The woman who runs the ayahuasca retreats I attend knows me as the one who takes baths while everyone’s asleep. Most participants return to reality after five or six hours, while my brain gets flooded with epiphanies all night, spurring me to bathe as some sort of ayahuasca-inspired renewal ritual.
This isn’t the only situation where I’ve felt a drug’s effects way longer than others. After my friends reassured me that ketamine wore off after 15 minutes, I felt a microdose’s effects (albeit subtle ones) for several hours. And I can’t drink caffeine, even in the morning, because it’ll keep me up at night. Why do some people seem to experience drugs’ effects for ages, while others just get a brief journey?
A lot of it comes down to genetics, says Tzvi Doron, New York City-based physician and clinical director for the men’s health app Roman. Most drugs get metabolized by the cytochrome P450 enzyme system in your liver, he explains, and genetics control how quickly these enzymes work. This applies to pretty much any drug, from medications to recreational drugs to caffeine, but it doesn’t apply to food, which gets broken down in the GI tract instead.
“Some ethnicities carry completely different genes for these enzymes,” says Florida-based addiction psychiatrist Edward Barias. “For example, Asians can become literally drunk faster that other ethnicities because their liver enzymes are also different. You’ll have higher levels if not quickly metabolized, so you’ll be absolutely drunk.”
The speed of your drug metabolism can also be influenced by other drugs you’re taking or food you’re eating. “Many other medications can influence the liver enzymes, and that's why is so important to run an interaction check whenever somebody is using multiple medications,” Barias says, adding that the specific ways different foods and drugs will interact for you depend on your genotype.
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Another factor that plays a role of how long you feel the effects of any drug—from caffeine to weed—is the amount of fat in your body. Certain drugs, like weed, are lipophilic, or attracted to fat tissue, Barias says. This also means that women, on average, will have longer trips than men due to the higher fat content of their bodies. Anesthetics are particularly fat-soluble, says James Giordano, professor of neurology and biochemistry at Georgetown University Medical Center. “Most of the drugs that act on the central nervous system are going to be somewhat more fat soluble because they're actually developed to have a high fat solubility to allow increased penetration into the brain,” which has a high fat content itself, he explains.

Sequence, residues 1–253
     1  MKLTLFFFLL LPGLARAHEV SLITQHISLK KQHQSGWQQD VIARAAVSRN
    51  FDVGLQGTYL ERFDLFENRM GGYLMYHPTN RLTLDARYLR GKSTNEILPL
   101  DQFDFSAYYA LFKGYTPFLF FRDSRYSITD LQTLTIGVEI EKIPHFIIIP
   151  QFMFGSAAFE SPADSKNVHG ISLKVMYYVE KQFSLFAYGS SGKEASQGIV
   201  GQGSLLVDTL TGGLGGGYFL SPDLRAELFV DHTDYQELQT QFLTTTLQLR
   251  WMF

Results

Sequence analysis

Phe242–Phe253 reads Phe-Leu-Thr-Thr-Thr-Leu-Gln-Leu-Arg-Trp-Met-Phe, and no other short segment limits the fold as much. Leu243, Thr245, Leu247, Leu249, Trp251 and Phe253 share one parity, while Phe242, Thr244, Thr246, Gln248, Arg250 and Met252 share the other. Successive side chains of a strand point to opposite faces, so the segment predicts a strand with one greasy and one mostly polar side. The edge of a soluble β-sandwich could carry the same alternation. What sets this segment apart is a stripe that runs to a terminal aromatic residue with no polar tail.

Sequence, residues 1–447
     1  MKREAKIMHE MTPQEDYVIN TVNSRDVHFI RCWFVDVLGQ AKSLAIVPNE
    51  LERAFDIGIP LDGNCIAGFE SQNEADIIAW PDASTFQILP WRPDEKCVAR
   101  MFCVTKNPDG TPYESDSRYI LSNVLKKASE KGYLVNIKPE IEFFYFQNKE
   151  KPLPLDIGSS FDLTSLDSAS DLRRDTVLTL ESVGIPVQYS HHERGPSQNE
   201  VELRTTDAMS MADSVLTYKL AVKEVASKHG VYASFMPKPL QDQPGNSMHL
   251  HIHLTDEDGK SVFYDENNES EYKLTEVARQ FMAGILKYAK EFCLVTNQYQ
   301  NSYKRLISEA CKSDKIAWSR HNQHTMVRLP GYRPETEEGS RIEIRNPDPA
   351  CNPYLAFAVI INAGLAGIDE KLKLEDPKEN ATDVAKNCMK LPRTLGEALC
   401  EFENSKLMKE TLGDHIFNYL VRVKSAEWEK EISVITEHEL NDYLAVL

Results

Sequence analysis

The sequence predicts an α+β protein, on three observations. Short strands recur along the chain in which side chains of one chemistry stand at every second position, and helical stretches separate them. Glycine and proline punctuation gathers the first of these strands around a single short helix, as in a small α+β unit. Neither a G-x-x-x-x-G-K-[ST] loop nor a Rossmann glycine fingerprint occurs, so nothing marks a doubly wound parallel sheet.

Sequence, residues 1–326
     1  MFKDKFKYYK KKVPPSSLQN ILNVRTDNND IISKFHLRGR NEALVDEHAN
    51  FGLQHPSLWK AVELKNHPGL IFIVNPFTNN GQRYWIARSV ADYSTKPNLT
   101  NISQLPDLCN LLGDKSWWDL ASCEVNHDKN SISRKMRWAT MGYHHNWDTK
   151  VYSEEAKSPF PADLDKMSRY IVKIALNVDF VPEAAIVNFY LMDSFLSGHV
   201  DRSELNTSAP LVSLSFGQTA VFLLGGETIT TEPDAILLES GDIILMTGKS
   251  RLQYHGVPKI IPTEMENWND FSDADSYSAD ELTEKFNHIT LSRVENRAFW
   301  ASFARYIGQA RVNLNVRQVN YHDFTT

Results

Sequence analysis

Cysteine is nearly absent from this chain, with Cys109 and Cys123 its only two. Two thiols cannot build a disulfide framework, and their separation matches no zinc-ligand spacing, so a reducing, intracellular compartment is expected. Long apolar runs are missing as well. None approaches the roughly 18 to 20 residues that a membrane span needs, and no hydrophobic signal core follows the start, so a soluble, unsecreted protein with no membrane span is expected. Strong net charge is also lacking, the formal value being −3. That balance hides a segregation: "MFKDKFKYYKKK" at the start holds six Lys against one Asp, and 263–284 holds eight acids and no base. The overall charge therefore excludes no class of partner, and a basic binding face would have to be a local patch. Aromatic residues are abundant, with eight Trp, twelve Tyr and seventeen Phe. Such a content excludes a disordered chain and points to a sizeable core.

Since drugs are eliminated by the liver and the kidneys, those with poor kidney or liver functioning may also hang onto drugs longer, Doron says. This means older people might feel drugs’ effects for longer because liver function slows down as you age. Kidney or liver diseases can also slow down the functioning of these organs.
And, obviously, different drugs get metabolized at different paces for a variety of reasons, says Giordano. Some bind more tightly to receptors or stay at the binding sites for longer. Acid trips, for example, can last for up to 12 hours, largely because serotonin receptors fold over the LSD molecule to keep it in place.
I’d wondered if the length of time you feel a drug is related to your overall sensitivity, since my own drug experiences tend to be powerful as well as long, but Doron says these two things aren’t linked. “Different people interpret the effect of a drug on them in different ways, and personal interpretation is not measurable—it’s a subjective experience,” he says. “For example, one person may interpret a more modest, but longer, effect on them as being more powerful than another person who actually has a higher level of drug in the body for a shorter period of time.”
So, given that I don’t have kidney or liver problems or a higher than usual body fat content, I can probably thank my liver enzymes for my long trips and even my prolonged responses to caffeine. But the strength of my trips probably comes from a different, harder-to-pin-down source.
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